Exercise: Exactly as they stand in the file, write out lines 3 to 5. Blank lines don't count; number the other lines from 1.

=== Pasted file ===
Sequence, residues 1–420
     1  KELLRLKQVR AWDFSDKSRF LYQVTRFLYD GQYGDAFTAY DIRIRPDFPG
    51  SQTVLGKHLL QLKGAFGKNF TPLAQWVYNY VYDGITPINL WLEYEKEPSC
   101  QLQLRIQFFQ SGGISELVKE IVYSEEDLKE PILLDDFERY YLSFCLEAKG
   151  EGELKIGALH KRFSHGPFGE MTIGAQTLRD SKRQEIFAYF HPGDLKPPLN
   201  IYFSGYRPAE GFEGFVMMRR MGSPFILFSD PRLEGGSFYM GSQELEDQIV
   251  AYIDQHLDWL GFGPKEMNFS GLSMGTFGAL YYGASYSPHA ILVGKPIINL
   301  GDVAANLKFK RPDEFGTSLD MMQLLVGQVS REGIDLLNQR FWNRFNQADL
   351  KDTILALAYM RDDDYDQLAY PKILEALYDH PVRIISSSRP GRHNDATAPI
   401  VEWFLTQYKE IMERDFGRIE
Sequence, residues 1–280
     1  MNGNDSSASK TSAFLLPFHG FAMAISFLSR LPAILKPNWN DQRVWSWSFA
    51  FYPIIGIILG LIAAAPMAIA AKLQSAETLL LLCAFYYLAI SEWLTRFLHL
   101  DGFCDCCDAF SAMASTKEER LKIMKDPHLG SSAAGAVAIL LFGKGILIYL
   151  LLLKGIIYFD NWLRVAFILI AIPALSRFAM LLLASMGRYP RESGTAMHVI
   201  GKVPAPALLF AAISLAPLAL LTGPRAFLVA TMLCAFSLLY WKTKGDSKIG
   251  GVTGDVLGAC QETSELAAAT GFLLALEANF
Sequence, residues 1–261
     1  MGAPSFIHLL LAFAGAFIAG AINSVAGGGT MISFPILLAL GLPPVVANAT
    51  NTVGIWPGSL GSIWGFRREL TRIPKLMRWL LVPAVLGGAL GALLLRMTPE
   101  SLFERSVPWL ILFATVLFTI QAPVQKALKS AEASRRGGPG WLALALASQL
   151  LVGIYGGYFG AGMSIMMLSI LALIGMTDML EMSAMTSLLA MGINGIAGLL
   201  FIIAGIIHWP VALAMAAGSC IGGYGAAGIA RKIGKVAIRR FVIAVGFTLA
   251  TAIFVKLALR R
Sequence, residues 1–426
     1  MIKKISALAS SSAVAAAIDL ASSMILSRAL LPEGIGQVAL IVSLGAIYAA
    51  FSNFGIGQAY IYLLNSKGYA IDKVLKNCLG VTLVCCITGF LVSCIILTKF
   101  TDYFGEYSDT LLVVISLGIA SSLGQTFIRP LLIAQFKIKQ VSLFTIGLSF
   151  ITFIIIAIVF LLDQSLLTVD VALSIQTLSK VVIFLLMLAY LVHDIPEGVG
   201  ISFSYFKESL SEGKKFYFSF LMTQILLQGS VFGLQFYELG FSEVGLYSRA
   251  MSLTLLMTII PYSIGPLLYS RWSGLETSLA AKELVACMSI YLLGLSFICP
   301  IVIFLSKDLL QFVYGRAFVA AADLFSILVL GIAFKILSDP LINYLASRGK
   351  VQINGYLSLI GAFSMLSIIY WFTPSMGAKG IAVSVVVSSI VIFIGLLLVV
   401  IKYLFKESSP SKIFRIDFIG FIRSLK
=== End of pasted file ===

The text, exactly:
    51  SQTVLGKHLL QLKGAFGKNF TPLAQWVYNY VYDGITPINL WLEYEKEPSC
   101  QLQLRIQFFQ SGGISELVKE IVYSEEDLKE PILLDDFERY YLSFCLEAKG
   151  EGELKIGALH KRFSHGPFGE MTIGAQTLRD SKRQEIFAYF HPGDLKPPLN